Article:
If you like percussion and music from Brasil I think you’ll enjoy it
Lorenzo Vitolo – Piano, synth; Devin Daniels – Alto saxophone, synth; Oscar Latorre – Trumpet; Thiago Alves – Acoustic bass; Paulo Almeida – Drums, percussion, voice; Lionel Loueke – Guitar, voice (tracks 1 & 6); Alberto Garcia – Percussion (tracks 1 & 4)
Orixas are deified ancestors; they’re a link between the spiritual and human world. Paulo Almeida thanked the Orixas for giving him the strength and inspiring him to put out his new album OFERENDA; that’s offering in Portuguese.
Paulo Almeida is a Brazilian drummer, percussionist, and composer. He began his musical studies at Sao Paulo State and at the Conservatory of Tatui. He’s performed at festivals and jazz clubs all over the world. He’s played with the likes of Guillermo Klein, Jorge Rossy, Anat Cohen, and Ralph Alessi.
OFERENDA is Almeida’s fifth album as leader and all the compositions, lyrics, arrangements are his. The sounds of Brazil dominate but there’s a European jazz influence as well.
Raindrops has a strong Afro/Brazilian sound and is one of my favourite cuts on the album. There’s a lot of unison playing but things get exciting when members solo. Oscar Latorre plays amazing trumpet. Pianist Lorenzo Vitolo has a melodic touch but he’s good at playing with dynamics and harmony. He slips into a bit of a samba groove that sounds pretty cool. Devin Daniels is young, but he’s won a ton of music awards. His alto sax playing is fluid and lyrical. Almeida’s percussion work shines.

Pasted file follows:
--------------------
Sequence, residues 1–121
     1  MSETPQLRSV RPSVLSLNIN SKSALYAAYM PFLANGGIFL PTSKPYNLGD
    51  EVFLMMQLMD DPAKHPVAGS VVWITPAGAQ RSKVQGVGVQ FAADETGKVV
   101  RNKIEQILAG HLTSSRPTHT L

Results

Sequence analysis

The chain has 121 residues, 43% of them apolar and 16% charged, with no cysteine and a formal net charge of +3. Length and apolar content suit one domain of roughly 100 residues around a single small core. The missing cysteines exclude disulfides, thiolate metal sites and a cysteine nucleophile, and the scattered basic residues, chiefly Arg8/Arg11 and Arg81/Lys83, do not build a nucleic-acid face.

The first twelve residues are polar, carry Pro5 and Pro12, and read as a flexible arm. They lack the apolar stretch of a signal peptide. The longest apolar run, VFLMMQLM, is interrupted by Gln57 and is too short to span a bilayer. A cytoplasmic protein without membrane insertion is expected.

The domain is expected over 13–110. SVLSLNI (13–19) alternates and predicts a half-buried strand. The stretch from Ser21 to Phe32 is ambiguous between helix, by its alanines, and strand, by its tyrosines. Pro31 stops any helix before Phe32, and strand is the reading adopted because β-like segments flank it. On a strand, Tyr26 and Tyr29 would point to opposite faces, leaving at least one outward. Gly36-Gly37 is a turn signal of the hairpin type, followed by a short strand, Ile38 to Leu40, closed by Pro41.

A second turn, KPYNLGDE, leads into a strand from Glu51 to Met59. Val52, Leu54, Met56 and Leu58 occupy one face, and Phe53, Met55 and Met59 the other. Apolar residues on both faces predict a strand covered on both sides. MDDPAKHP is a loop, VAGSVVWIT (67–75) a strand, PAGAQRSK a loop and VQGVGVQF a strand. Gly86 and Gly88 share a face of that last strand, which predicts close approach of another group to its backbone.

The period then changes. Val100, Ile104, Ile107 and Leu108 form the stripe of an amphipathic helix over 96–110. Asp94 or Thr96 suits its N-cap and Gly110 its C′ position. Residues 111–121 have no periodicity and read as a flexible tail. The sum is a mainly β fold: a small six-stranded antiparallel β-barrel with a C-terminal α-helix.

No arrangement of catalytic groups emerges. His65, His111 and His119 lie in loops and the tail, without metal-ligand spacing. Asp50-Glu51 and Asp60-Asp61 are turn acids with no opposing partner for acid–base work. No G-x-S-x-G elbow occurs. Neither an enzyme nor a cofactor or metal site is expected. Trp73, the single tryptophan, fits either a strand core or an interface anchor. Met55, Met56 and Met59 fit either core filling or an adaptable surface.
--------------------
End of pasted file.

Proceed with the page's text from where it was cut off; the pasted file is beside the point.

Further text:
Guest guitarist Lionel Loueke plays and sings on two cuts. His use of nylon strings and his admitted influences, Jim Hall and George Benson, have much to do with the mellow touch he brings to OFERENDA.
‘Hoffnung ’is a low-key affair with the piano stating an elegant theme. Alto and trumpet dance gracefully, expanding on that theme. Vitolo takes off on a sparse solo until he turns the dynamic button up a bit and invites the whole band back in.
‘Odoya ’features another guest, percussionist Alberto Garcia. Garcia knocks the percussive rhythms up a couple notches. Daniels’s alto sounds great soaring above it; I thought I heard a little Gato Barbieri there.
I’m willing to bet the Orixas like OFERENDA. If you like percussion and music from Brasil I think you’ll enjoy it as well.